It is worth noting, however, that in the early years of Ethyl’s availability, basic refinery advances boosted the base octane of fuel by 20-30 points, whereas Ethyl additive only boosted it by about nine points. In retrospect, Ethyl’s octane improvements were somewhat overstated, and the product owed most of its success to crafty marketing, misleading research, and chronic government incompetence. Whatever Ethyl’s benefits, it saturated the planet with an insidious poison, and the true magnitude of its past, present, and future harm are yet to be known.


Frank G
Posted 03 February 2010 at 01:08 pm

This brings me closer to my story about , gm (general motors) yes only in small letters.

The most !@#%#$&*^%$#XXXXXXX #@$%^&^%!!! polluting company on this planet.

Frank G


Frank G
Posted 03 February 2010 at 01:17 pm

Miss Cellania said: "Even though it wasn’t the “breakthrough” that made him famous, how fitting is it that Midgely was killed by his own invention?"

Yes Great remark Cellania, if he did not kill himself he might have keep on going to pollute the world.

Frank G.


glenn.lady
Posted 01 September 2010 at 11:55 am

Frank G said "if he did not kill himself he might have keep on going to pollute the world."

Thanks Frank G for that. You look smart with your light bulb picture. I will have to agree and disagree with you, yes he might have gone on to pollute the world, but hasn't that already happened? I guess its a catch 22, where you would never want someone to kill themselves, but maybe there's a greater good involved? I don't know. I don't exactly have an exact opinion on this. Thoughts? Lead Toxicity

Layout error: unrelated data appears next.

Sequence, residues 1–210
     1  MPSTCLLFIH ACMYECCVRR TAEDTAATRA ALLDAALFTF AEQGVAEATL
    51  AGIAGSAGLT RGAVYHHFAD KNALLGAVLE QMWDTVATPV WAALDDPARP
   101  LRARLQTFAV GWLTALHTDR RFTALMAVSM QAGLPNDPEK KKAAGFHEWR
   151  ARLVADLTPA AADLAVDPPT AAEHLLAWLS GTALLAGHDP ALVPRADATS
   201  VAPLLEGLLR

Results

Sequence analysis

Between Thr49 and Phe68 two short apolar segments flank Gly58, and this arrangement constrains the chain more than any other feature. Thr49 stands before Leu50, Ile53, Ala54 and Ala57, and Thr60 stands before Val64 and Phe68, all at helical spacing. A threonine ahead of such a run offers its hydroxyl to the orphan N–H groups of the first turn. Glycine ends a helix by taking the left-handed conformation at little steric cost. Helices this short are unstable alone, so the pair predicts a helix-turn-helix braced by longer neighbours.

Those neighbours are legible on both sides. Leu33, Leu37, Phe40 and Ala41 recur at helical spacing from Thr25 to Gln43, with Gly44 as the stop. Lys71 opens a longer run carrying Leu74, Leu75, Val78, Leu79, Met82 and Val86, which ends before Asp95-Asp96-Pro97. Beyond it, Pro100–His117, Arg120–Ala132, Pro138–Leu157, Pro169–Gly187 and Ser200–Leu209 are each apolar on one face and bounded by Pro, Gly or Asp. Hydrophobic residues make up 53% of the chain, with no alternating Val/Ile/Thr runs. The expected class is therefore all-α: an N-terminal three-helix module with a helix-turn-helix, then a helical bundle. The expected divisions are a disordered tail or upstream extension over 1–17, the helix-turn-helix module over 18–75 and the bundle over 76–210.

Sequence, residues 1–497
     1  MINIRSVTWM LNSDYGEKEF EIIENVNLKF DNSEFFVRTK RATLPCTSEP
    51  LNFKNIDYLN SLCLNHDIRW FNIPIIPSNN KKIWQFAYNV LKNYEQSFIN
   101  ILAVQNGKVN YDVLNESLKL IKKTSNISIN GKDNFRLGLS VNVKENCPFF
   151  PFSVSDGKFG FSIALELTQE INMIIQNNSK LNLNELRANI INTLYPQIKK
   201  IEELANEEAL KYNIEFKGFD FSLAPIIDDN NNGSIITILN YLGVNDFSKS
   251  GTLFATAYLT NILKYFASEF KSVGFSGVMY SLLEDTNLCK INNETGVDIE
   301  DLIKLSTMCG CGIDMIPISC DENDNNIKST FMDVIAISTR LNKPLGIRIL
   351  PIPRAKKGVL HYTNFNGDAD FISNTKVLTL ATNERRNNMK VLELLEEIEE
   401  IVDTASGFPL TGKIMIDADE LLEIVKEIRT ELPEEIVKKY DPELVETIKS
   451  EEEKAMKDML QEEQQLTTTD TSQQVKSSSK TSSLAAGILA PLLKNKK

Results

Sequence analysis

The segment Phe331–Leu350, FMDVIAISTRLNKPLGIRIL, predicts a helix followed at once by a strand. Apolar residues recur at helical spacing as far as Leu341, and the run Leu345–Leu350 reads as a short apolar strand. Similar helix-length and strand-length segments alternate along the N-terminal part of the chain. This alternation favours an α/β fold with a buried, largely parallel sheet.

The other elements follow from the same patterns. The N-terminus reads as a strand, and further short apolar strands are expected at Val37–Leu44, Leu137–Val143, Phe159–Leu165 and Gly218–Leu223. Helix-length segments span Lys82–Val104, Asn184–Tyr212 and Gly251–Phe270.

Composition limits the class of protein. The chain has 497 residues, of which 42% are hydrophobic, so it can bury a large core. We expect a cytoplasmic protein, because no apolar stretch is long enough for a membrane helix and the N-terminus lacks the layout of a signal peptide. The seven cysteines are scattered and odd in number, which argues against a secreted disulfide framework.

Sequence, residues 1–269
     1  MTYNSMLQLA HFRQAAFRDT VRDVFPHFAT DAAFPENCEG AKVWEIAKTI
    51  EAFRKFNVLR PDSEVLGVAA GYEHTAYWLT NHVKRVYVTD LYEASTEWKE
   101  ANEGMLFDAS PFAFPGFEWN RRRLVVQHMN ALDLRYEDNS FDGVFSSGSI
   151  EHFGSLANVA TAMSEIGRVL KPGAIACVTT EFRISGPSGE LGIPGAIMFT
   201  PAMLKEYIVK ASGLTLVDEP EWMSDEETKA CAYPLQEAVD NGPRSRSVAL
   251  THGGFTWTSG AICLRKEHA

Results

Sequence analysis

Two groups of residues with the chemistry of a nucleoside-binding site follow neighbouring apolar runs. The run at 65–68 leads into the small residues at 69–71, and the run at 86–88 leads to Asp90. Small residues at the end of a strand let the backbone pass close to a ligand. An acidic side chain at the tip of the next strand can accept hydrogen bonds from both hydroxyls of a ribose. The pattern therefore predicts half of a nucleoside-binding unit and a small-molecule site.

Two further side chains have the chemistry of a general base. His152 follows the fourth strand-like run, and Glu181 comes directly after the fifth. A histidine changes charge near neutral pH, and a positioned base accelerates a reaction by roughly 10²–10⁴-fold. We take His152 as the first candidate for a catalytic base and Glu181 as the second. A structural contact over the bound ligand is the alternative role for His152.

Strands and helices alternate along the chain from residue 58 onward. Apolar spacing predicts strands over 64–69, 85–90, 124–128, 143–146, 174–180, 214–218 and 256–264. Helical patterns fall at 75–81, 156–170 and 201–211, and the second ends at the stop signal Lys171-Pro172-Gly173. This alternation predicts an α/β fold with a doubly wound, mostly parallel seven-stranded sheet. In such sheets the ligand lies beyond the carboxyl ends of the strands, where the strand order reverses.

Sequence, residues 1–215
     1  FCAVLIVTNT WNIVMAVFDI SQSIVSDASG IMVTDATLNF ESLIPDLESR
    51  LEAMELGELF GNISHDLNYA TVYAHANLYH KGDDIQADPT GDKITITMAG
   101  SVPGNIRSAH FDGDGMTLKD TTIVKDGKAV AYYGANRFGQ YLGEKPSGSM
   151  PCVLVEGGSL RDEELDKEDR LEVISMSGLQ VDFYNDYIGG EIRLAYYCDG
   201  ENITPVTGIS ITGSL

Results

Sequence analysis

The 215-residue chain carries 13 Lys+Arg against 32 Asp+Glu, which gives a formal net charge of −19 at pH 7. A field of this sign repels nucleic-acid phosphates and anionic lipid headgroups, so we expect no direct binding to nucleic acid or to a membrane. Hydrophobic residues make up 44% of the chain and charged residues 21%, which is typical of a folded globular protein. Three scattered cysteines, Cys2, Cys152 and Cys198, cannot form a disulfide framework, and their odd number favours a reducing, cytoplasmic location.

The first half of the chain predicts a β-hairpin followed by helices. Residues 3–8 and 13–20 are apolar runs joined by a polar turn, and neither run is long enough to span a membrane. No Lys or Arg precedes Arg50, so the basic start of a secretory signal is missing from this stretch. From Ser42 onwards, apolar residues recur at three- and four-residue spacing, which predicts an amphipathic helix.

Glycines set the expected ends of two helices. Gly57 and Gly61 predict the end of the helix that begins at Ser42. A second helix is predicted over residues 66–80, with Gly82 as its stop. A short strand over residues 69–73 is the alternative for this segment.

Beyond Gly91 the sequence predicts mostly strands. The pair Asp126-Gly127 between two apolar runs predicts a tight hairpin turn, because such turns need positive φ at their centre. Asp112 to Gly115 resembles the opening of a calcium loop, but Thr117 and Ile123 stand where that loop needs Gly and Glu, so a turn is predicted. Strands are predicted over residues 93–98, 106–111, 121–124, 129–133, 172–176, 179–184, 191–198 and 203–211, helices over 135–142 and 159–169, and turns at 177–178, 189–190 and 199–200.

weirdcase
Posted 10 December 2010 at 12:12 pm

All NASA needs to do now is find another unseen bacteria which consumes lead to put in its DNA blocks and somehow mass produce it. Easy peasy.

http://weirdcase.com/nasa-new-life/


benn
Posted 03 February 2014 at 08:00 am

Dicketies?


dosjacks
Posted 22 April 2014 at 03:07 pm

justjim said: "And the beat goes on. We'll continue to burn on our limited stocks of carbon based fuels while we wait for the "super" fuel of the future to save us all. Unlike the EU that has accepted the demize of the automobile as a primary mode of transportation we blistfully go on supporting the automakers. It is time for a change and perhaps we can learn from our friends in Europe and elsewhere that mass transit just might be the only way to go.
By the way... Great article, Jim"

Try Walking. Of course Asia air doesn't mix with our air!! Do you really think the CHINESE care... as long as they are paid to supply you with disposable JUNK. You can't even see there.


Jdaallen
Posted 18 June 2014 at 09:06 pm

I never did buy the "theory" the children were being lead poisoned by easting paint off the window sill. Just didn't make logical sense. Now the leaded gasoline facts do make sense.


Gerald R Scott
Posted 18 April 2015 at 10:01 am

Cars must never go away. It would be the total and complete end of freedom to billions of people everywhere. Cars do not need to be poison. Hybrids and pure electric cars are NOT the answer. Hybrids use hundreds of pounds of highly toxic batteries that must be manufactured and disposed of, as well as a gasoline engine. Purely electric cars won't help either. They use even more toxic batteries, and these batteries are recharged by electricity from toxic sources. There is nothing "green" about these vehicles, in fact they appear to be dirtier than purely gas powered cars.

I'll come right out and say it. People have putting this idea down for decades (yes it has been around for that long) I am a believer in hydrogen fueled vehicles. Yes there are still some technical issues, though I believe they are very minor compared to electric vehicles, which do not solve anything anyway. I think we would have most if not all of these issues solved now if we had been working on this rather than electric power, which as I've already stated, I believe to have no future at all.


END OF COMMENTS